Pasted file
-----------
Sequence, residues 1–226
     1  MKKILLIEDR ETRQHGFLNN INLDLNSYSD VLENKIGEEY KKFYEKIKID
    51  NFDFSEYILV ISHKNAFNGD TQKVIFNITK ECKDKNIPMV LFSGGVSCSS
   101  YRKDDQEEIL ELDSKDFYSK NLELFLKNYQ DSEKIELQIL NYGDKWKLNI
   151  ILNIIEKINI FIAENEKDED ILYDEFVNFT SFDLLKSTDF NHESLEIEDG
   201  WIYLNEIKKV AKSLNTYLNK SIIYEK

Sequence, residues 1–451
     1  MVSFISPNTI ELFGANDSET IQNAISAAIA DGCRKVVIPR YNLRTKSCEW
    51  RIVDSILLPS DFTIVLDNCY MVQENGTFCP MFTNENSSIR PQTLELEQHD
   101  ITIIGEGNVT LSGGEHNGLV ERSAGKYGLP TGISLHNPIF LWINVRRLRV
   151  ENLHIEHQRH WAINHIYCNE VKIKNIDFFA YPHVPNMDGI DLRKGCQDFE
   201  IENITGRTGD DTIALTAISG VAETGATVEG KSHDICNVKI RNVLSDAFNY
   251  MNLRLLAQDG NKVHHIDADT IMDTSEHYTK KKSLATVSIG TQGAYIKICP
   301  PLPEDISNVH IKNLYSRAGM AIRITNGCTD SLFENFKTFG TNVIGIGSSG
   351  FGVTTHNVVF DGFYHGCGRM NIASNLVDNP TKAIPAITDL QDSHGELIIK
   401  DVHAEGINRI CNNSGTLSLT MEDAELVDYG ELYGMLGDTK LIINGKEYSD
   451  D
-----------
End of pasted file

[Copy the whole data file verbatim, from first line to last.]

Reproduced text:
Sequence, residues 1–226
     1  MKKILLIEDR ETRQHGFLNN INLDLNSYSD VLENKIGEEY KKFYEKIKID
    51  NFDFSEYILV ISHKNAFNGD TQKVIFNITK ECKDKNIPMV LFSGGVSCSS
   101  YRKDDQEEIL ELDSKDFYSK NLELFLKNYQ DSEKIELQIL NYGDKWKLNI
   151  ILNIIEKINI FIAENEKDED ILYDEFVNFT SFDLLKSTDF NHESLEIEDG
   201  WIYLNEIKKV AKSLNTYLNK SIIYEK

Sequence, residues 1–451
     1  MVSFISPNTI ELFGANDSET IQNAISAAIA DGCRKVVIPR YNLRTKSCEW
    51  RIVDSILLPS DFTIVLDNCY MVQENGTFCP MFTNENSSIR PQTLELEQHD
   101  ITIIGEGNVT LSGGEHNGLV ERSAGKYGLP TGISLHNPIF LWINVRRLRV
   151  ENLHIEHQRH WAINHIYCNE VKIKNIDFFA YPHVPNMDGI DLRKGCQDFE
   201  IENITGRTGD DTIALTAISG VAETGATVEG KSHDICNVKI RNVLSDAFNY
   251  MNLRLLAQDG NKVHHIDADT IMDTSEHYTK KKSLATVSIG TQGAYIKICP
   301  PLPEDISNVH IKNLYSRAGM AIRITNGCTD SLFENFKTFG TNVIGIGSSG
   351  FGVTTHNVVF DGFYHGCGRM NIASNLVDNP TKAIPAITDL QDSHGELIIK
   401  DVHAEGINRI CNNSGTLSLT MEDAELVDYG ELYGMLGDTK LIINGKEYSD
   451  D